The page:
In the story “On Seeing the 100% Perfect Girl One Beautiful April Morning,” a man sees a girl who he knows is 100% right for him, and lets her walk past, too tongue-tied to speak with her the words he is meaning to say.
At first, I hated the story with a deep and burning passion. It was too simplistic, I hated the main character since he seemed such a wimp, and I didn’t like the girl either, because of the way she was described; the main character seemed to be astounded that he didn’t objectify her the way he usually did with women. All the characters seemed to be completely shallow characters.
Nor did I like the fairy tale. His assumption seemed to be that there was somebody who is 100% perfect for him and thus would always be always be 100% perfect for him, except that didn’t seem to be the case. If they were still 100% perfect for each other, then why wouldn’t they meet happily because they would love each other 100%? Or was there something more? The title suggested this as it seemed too complex, too mathematically precise for a story as bare as this, so perhaps this story symbolized something else that, for the first reading I didn’t get.
A couple of things of the reading intrigued me: the title and the constant use of the percentage 100%; the repeated sentence where he describes himself as going west to east and her going east to west; and the fairy tale.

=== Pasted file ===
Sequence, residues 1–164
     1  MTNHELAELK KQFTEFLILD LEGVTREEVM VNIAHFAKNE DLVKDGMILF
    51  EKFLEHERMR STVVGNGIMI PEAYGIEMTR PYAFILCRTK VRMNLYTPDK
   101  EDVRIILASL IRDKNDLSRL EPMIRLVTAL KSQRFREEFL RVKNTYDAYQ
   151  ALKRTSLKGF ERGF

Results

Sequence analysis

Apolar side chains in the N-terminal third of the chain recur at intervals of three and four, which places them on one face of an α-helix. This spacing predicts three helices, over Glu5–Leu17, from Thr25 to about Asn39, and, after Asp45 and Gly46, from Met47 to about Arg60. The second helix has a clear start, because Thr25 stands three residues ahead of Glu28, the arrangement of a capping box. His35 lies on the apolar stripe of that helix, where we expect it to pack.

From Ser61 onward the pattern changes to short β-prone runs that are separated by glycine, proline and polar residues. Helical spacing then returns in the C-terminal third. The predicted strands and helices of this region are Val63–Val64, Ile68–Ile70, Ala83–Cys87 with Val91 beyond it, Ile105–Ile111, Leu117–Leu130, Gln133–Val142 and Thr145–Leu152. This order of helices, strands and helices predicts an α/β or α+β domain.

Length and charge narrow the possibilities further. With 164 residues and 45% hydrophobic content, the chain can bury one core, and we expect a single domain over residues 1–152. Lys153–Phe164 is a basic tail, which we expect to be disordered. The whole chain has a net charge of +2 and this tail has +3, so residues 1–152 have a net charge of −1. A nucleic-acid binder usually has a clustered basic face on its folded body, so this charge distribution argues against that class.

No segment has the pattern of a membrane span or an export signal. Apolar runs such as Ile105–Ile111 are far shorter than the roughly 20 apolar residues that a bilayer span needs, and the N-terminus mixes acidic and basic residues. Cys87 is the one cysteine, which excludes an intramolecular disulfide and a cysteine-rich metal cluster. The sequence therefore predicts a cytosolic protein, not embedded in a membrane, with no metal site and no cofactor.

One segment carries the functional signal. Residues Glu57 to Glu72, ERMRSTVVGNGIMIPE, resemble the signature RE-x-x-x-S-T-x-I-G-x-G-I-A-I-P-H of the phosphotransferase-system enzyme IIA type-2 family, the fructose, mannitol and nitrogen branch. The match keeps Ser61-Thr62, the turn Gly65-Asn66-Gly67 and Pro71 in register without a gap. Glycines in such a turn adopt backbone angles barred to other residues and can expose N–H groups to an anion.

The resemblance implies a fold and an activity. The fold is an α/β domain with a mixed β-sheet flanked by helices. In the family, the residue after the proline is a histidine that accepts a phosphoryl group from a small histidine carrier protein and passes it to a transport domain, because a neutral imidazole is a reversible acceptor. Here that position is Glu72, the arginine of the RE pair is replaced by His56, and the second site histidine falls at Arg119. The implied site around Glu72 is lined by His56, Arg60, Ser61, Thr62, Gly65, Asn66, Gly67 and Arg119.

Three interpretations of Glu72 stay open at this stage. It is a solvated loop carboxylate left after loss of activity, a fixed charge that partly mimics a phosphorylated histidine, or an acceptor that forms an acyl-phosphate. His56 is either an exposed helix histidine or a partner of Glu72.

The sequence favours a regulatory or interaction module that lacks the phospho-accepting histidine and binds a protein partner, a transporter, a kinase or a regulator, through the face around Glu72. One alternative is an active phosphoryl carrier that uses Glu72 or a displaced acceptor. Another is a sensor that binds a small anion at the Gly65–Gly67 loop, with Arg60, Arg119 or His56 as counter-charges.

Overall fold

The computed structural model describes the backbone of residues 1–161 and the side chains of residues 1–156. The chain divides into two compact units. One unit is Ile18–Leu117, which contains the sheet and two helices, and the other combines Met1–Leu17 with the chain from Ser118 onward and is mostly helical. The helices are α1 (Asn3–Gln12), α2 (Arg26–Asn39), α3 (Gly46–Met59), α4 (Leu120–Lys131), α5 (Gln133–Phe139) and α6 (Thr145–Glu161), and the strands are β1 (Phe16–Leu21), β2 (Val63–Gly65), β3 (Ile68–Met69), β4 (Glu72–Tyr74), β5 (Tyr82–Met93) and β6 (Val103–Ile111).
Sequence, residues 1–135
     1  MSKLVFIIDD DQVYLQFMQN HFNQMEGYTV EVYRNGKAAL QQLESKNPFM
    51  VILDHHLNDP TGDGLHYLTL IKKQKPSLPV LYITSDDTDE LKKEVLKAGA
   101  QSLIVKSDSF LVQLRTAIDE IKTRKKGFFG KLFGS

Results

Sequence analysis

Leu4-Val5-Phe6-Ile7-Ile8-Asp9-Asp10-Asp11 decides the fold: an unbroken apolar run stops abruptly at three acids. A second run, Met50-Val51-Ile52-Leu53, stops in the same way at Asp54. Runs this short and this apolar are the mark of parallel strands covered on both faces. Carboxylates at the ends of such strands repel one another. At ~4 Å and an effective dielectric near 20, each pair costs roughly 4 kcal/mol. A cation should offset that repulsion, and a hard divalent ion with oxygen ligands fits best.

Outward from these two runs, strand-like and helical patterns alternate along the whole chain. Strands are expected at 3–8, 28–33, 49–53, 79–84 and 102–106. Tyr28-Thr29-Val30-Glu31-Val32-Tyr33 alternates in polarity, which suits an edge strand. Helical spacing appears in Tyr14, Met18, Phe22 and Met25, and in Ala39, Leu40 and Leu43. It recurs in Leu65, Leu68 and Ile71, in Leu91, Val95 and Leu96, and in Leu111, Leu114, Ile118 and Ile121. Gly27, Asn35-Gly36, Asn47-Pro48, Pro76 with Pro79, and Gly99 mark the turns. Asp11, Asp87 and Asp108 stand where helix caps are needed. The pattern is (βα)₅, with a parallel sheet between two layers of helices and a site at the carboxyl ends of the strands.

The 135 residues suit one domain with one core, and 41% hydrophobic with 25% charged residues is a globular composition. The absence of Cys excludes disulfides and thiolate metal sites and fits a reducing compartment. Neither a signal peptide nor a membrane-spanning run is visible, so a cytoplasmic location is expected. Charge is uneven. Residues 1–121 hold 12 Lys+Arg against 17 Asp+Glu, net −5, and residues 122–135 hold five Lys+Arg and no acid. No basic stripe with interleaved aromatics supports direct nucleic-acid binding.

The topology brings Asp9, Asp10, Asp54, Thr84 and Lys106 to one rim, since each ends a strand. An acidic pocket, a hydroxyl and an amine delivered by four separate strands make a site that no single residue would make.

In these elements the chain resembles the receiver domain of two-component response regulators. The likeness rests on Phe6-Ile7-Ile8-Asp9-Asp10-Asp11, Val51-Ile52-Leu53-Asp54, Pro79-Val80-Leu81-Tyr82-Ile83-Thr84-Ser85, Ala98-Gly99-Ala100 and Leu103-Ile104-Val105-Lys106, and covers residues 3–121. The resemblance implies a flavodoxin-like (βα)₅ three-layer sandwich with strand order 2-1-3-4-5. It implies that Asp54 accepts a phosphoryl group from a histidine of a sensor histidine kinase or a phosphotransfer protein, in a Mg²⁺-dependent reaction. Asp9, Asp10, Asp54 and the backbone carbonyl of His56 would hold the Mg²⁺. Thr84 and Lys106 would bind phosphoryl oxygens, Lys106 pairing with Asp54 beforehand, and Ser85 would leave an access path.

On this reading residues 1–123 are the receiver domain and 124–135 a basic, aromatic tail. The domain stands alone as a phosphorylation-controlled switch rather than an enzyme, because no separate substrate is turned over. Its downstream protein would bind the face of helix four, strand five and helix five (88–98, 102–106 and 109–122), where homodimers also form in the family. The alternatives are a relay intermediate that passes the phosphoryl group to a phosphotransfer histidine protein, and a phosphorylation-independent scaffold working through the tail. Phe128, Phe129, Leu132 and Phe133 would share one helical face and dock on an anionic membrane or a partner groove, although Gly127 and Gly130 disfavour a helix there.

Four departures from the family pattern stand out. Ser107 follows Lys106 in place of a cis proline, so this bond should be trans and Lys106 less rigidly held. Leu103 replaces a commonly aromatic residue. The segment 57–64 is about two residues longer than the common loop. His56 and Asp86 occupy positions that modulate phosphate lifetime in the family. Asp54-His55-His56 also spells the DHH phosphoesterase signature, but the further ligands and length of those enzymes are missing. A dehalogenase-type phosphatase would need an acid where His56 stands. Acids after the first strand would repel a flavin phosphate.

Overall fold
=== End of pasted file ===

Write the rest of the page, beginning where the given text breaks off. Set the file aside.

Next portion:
The fairy tale was the first thing that I probed into. It seemed too simple, but one sentence stuck out for me: “One winter, both the boy and the girl came down with the season's terrible influenza, and after drifting for weeks between life and death they lost all memory of their earlier years.” This suggests some form of reincarnation, which means that the story turns from what is said to a whole new religious level. Instead of being two people who randomly meet again, they meet again after several lifetimes, which would make the story more realistic and would make their confusion so much more tragic. Instead of embracing each other, realizing that they are meant for each other, they avoid each other, too afraid to speak out, too afraid to recognize the other.
If they are reincarnated, it hints of the divine, which brings the attention to the directions, with him going west to east and her going east to west. The first thing I thought of was the sun and moon. The sun and moon go opposite directions from each other. So according to the story, the girl would be the sun (going east to west) and the narrator would be the moon (going west to east). At first I was confused, because in mythology, usually the woman is the moon goddess and a man is the sun god, but after a quick look at Japanese mythology, I found that it was the other way around--there is the sun goddess, Amaterasu, and the moon god, Tsukuyomi.